Tuesday, 14 June 2011

Cottenham, Cambridgeshire

Apart from the orthodox, as in Russian, looking spire All Saints left me rather cold. I think a combination of Dowsing and well meaning Victorian restorers has left it without soul; it's one of those over restored Cambridgeshire churches that must once have been magnificent but is now rather dull.

ALL SAINTS. The feature one remembers about Cottenham church is the tower with its odd stepped battlements and bulbous ogee pinnacles. It is of yellow and pale pink brick and dates, except for the ashlar-faced lower part, from 1617-19. It has openings with Y-tracery. It was in existence when Pepys visited his relatives at Cottenham. The rest of the church is all Perp except for the chancel arch which dates from c. 1225. Tall octagonal arcade piers (four bays), hollow-chamfered. arches, clerestory, plain nave and aisle roofs, uniform Late Perp aisle windows. The chancel also Perp, but earlier. The chancel windows (E Window new) very tall, of three lights, the Sedilia and Piscina handsomely stepped at the foot and with four-centred arches, a quatrefoil frieze and crenellations. The exterior is embattled throughout.

All Saints (4)

All Saints (5)

Gargoyle (4)

Nave (1)

COTTENHAM. We should come when its great orchards are in · bloom, for it is a lovely sight. Its pleasantest corner is where the village ends, where the 15th century church is crowned by a tower seen for miles. Round the walls of the church runs a gallery of ancient gargoyles, which may keep off evil spirits, as their medieval carvers believed, but do not frighten sparrows, which we found nesting in their very mouths. Indoors eight heads look out from between the 14th century arches, crowned with 15th century clerestories. The chancel has richly moulded stone seats, and an east window with tracery like water-lily leaves. An old chest has five locks with keys kept by five men, and there are oak benches made by a village craftsman last century. He has carved on them flowers, plants, and ferns growing in this countryside. None of the pews are the same and they are carved with thistle, clover, figs, berries, ivy, reeds, and arum lilies.

On the chancel wall is a record of the great storm which destroyed the steeple in 1617, it being rebuilt by Katherine Pepys. This was once a place full of that immortal name; Pepys of the Diary tells us that in Queen Elizabeth’s day there were 26 families in Cottenham named Pepys. Here was born that Thomas Tenison who was enthroned at Canterbury and was one of the Seven Bishops who sounded the death knell of the Stuarts in 1688. A brave man, he remained at his post through the Plague, and lived to preach the funeral service of Nell Gwynne and to crown the last of the Stuarts and the first of the Georges.

In the churchyard sleeps Florence Cox, Commandant of the Red Cross Hospital here in the war, and by her sleeps her husband after 40 years work as a doctor, friend of the friendless, as his inscription says. Her name is inscribed with those of the 59 men who fell in the war, the memorial to them having a striking figure in marching kit; it is floodlit by night and its noble words are these:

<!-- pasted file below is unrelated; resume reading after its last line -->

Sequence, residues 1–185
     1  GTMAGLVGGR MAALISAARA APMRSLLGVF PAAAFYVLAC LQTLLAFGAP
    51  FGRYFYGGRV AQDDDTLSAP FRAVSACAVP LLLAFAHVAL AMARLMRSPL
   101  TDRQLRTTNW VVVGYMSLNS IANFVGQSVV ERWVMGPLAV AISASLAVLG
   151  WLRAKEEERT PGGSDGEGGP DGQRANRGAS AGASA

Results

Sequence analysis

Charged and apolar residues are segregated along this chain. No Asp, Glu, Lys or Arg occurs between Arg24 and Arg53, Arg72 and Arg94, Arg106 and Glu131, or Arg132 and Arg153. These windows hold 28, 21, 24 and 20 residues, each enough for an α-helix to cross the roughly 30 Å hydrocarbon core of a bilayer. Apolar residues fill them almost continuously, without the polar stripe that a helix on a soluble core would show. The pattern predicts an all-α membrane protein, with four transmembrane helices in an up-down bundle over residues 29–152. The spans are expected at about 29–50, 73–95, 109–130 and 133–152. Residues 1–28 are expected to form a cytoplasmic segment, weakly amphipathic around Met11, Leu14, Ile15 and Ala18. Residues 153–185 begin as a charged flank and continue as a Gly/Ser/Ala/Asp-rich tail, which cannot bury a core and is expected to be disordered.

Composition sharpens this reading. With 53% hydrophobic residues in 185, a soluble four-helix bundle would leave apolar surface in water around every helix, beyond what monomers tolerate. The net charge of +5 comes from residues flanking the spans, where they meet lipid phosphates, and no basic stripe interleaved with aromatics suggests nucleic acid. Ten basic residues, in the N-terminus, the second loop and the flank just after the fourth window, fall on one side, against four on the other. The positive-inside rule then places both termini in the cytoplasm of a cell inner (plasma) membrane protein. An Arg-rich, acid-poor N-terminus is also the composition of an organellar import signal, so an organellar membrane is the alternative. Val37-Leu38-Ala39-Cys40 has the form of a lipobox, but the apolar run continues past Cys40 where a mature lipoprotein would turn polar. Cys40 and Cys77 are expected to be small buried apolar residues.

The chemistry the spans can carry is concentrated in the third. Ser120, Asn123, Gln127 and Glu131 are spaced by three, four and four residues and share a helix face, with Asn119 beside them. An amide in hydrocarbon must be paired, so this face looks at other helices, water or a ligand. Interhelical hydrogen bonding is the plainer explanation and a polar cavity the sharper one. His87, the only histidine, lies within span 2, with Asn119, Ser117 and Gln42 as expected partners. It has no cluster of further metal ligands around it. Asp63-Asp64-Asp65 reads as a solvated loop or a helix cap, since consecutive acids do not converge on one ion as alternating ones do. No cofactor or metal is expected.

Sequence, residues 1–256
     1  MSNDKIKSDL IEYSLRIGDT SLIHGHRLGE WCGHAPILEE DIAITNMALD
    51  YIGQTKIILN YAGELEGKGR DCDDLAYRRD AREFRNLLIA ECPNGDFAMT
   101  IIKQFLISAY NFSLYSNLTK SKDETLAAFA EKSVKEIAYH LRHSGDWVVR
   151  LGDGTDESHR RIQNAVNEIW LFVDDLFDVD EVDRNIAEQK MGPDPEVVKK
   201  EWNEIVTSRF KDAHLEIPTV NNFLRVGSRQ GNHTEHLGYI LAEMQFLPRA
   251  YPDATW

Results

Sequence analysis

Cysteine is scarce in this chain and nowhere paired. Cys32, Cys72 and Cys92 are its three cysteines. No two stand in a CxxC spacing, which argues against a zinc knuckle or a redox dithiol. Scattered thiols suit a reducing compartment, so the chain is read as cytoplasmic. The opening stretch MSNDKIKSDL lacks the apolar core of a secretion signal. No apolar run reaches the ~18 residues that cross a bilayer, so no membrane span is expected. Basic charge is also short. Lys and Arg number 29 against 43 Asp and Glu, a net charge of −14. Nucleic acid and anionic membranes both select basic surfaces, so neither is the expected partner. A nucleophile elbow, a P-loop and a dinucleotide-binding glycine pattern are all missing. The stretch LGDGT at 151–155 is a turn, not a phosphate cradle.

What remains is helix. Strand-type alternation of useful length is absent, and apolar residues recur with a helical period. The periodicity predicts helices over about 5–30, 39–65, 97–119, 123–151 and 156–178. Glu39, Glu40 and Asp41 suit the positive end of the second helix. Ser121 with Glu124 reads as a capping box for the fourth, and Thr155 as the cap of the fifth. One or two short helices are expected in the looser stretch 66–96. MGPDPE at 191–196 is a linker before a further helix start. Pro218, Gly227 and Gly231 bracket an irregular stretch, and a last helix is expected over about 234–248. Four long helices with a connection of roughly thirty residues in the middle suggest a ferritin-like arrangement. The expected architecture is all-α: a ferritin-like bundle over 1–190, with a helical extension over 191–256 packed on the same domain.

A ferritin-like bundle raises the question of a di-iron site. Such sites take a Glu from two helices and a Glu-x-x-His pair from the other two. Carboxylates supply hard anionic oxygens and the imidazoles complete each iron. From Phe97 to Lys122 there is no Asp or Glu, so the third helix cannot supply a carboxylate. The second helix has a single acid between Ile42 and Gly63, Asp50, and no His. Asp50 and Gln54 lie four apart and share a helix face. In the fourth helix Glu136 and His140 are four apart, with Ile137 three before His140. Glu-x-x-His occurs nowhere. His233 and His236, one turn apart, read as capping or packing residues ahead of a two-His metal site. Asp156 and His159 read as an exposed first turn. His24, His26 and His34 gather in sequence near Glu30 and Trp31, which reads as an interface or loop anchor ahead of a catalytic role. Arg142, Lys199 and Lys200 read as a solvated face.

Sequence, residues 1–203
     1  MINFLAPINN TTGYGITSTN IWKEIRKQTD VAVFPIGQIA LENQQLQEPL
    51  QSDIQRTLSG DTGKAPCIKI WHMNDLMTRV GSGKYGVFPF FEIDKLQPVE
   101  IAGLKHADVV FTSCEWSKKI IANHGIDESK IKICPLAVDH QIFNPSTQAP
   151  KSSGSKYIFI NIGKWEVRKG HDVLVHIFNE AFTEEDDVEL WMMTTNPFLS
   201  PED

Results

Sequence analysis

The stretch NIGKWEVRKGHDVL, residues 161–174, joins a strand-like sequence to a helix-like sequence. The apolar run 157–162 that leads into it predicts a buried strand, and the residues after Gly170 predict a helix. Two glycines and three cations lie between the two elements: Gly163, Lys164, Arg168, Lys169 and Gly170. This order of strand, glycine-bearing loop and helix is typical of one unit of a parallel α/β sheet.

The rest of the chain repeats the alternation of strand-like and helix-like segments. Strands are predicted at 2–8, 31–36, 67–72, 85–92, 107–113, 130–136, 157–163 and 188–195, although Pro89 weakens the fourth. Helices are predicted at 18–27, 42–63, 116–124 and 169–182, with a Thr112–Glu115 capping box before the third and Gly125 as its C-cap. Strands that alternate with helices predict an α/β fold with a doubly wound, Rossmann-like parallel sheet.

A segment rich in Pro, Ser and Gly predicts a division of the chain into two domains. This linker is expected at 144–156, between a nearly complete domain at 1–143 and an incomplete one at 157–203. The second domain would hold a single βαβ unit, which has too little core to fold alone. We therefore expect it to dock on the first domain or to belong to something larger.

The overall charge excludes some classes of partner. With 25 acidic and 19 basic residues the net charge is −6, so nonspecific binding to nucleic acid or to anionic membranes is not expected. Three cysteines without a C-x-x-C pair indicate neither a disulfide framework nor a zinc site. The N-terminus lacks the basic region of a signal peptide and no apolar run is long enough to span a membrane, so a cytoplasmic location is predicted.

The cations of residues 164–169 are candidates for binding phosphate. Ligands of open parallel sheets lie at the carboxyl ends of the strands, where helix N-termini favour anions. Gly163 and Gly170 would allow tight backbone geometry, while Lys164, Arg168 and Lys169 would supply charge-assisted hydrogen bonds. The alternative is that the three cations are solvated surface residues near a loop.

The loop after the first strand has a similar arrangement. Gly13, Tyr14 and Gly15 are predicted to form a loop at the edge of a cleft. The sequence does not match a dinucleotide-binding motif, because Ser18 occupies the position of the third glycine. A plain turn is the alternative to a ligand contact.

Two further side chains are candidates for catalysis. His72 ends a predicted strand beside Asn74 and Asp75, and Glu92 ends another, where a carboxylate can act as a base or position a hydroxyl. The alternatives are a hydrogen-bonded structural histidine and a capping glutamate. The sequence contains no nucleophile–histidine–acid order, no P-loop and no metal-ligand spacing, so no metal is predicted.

Their lot the glorious price to pay,
Ours to receive, with grateful pride
That freedom lives with us today
Because they died.

But what will seem to most people the best story of this village is that in September 1604 a baby was christened here, doubtless at this very font, whose name was John Colledge. He grew to manhood and,
like many liberty-loving men of those days, crossed the Atlantic, where his family took root and after nearly 300 years produced a President of the United States. In this corner of our countryside began the line which led to the White House.


Coton, Cambridgeshire

St Peter and Coton are lovely. A small church but one with great character, there's not a lot of ornamentation but it exudes charm.

This Norman chapel was a simple two-celled building of nave and chancel. Though dependent on Grantchester it was of some importance, for the limestone marble font with its chevron and arcade decoration is also Norman. Little remains of the twelfth-century church except part of the chancel walls and the south-east corner of the nave, where the carved shaft is still visible outside. The small windows in the chancel are Norman, the south one re-set in a rebuilt wall.

The Norman chancel may have been smaller than it is now, and the nave was no longer than at present. Between nave and chancel was a smaller (round-headed?) arch.

ST PETER. Pebble and stone rubble. But the chancel is ashlar and Norman -see the small windows nook-shafted inside and outside and with fat roll-mouldings (cf. St Mary Magdalene, Barnwell, Cambridge). The E window is C19 imitation Perp. At the E end of the S aisle the shafted corner of the Norman nave can still be detected. The W tower Perp, the aisle windows and porches also. But the aisles themselves are older, see the arcades. That on the S side (three bays) has typical early C14 piers, quatrefoil with thin shafts in the diagonals and double-chamfered arches. The N arcade is later. It has semi-polygonal piers towards nave and aisles with arch mouldings dying into them and attached shafts with capitals only towards the arch openings. - FONT. Square, Norman, with zigzag arches on typical heads in profile, Instruments of Christ’s Passion, keys, the arms of Scrope, an eagle, a triskele etc. - CHANDELIER. Brass, probably Dutch C18. - PLATE. Cup of 1570.

St Peter (4)

Poppyhead (2)

Andrew Downes 1627